Jul 21, 2016 rated it it was amazing  ·  review of another edition
No Highway

An important and charming story takes us back to the early post war year's. It was held to foreshadow the tragedies of the Comet 1. This was the first jet airliner and the pride of British aviation. After two major crashes a careful investigation established metal fatigue was the problem. Britain's lead in jet travel was lost and US producers were to dominate the jet age while the British aviation industry was reduced to a bit part player
Neelesh Agrawal
Jul 19, 2018 rated it it was amazing  ·  review of another edition
This review has been hidden because it contains spoilers. To view it, click here.
Assour Ali
Oct 26, 2017 rated it it was amazing  ·  review of another edition
This book is one of those that you keep drawn to so that you might touch the every day bravery of the normal hard working plodder in life. The mundane, ordinary , boring man who is capable of miracles in such a unself conscience way that he is just a smidgen away from being an angel. A must read .
Sep 21, 2015 marked it as to-read  ·  review of another edition
Recommended to Laura by: Bettie
Free download available at Faded Page.

The movie based on this book is available at YouTube
Jul 29, 2010 rated it really liked it  ·  review of another edition
Loved it, contains everything from (slightly dubious) science and engineering to pseudoscience and superstitions. Brilliant read.
May 20, 2015 rated it it was amazing  ·  review of another edition
Great read

The story of why systems fail by the Michael Crichton of an earlier era. Could be the story of the de Havilland comet, but the story predates the Comet
Jun 17, 2017 rated it really liked it  ·  review of another edition
Shelves: fiction-general
Nevil Shute wrote many outstanding books before his death in 1960; On the Beach and The Far Country are only two examples of big books with a vision. But he also wrote a number of fine but lesser known novels derived from his career as an aeronautical engineer before he turned to writing. These books are not the grand visions that his most popular books offer; rather, they are small-scale stories of people caught in threatened positions, usually involving aeronautical problems.

No Highway
Jun 30, 2018 rated it liked it  ·  review of another edition
Shelves: 3-star
I did have to keep reminding myself that this book was written 70 years ago and not get angry at the way women were depicted etc. A charming story of an eccentric scientist trying to prove he is right about his predictions of a tail falling off a plane. It was strange to read what felt like a modern novel, but was missing the modern tech such as email/cell phones/gps etc. I was sad that the ageing film star was pushed aside to make way for the younger air stewardess. I did rather like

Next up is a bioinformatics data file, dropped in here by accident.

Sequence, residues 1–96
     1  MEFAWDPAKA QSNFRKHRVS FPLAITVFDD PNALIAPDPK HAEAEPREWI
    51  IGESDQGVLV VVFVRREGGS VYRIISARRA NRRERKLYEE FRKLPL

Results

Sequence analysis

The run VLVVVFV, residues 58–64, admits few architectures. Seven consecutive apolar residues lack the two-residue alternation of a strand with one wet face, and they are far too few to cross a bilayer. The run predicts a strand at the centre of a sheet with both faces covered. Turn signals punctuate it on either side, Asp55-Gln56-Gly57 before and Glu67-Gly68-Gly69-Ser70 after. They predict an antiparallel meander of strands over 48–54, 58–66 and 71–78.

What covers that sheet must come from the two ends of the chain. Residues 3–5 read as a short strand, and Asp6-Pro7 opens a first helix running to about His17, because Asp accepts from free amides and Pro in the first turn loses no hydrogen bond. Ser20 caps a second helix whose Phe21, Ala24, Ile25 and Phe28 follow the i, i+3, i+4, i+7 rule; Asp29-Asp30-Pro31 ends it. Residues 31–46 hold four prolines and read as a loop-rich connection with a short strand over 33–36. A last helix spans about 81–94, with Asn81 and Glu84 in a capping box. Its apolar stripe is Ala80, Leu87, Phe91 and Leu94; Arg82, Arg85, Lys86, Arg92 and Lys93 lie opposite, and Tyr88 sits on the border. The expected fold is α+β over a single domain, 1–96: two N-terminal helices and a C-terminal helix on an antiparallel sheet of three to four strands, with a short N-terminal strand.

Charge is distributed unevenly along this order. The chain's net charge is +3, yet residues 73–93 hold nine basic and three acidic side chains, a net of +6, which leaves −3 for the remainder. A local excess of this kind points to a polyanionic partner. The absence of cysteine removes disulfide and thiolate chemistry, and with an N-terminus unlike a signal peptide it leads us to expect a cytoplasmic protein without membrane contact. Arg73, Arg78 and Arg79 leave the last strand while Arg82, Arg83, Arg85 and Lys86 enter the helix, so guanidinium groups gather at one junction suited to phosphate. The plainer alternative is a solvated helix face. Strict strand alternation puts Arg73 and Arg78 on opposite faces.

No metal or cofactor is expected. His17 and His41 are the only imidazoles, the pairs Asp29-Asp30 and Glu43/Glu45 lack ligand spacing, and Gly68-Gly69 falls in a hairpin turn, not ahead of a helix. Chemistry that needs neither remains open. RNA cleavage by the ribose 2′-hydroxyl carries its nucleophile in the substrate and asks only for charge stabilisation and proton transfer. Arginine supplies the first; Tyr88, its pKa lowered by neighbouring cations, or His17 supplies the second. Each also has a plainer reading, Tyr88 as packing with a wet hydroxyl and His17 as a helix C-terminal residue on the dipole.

Mar 21, 2018 rated it really liked it  ·  review of another edition
I was really pleased to receive a Shute novel in a vintage book subscription package I've signed up to - Shute's A Town Like Alice was one of my favourite books as a teenager, so I was delighted to get the chance to read another of his books.

This is a great escapist read of the "little man" going up against major players in his bid to prove his theories about how "metal fatigue" might affect an aeroplane. Mr Honey is a complex oddball but a likeable character at the same time. Amusingly, he
Sep 07, 2017 rated it liked it  ·  review of another edition
Cleverly structured, if slightly repetitive story about a small group of people waiting for something disastrous to happen, and how this forges relationships and leads to different ways of seeing their own lives. As always with Shute, characterisation is subtle and sympathetic, as window into the day-to-day minutiae of ordinary English people living in the 1950s its detail is incomparable.

There's also a great deal about aeronautical engineering, which was the author's day-job career, and
Andy Bird
Nov 07, 2018 rated it liked it  ·  review of another edition
Shelves: historical, 6
Good. This was quite good. It is a little bit dated and the characters are very much of the period, very male orientated. The story is not bad, a little bit forced in places, but it flows quite well. The characters are good and fit the story well particularly the main character, quite quirky. Overall I liked it, its not exceptional but it is good. I would recommend it, particularly if you are a fan of Shute. ...more
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Nevil Shute Norway was a popular British novelist and a successful aeronautical engineer.

He used Nevil Shute as his pen name, and his full name in his engineering career, in order to protect his engineering career from any potential negative publicity in connection with his novels.

He lived in Australia for the ten years before his death.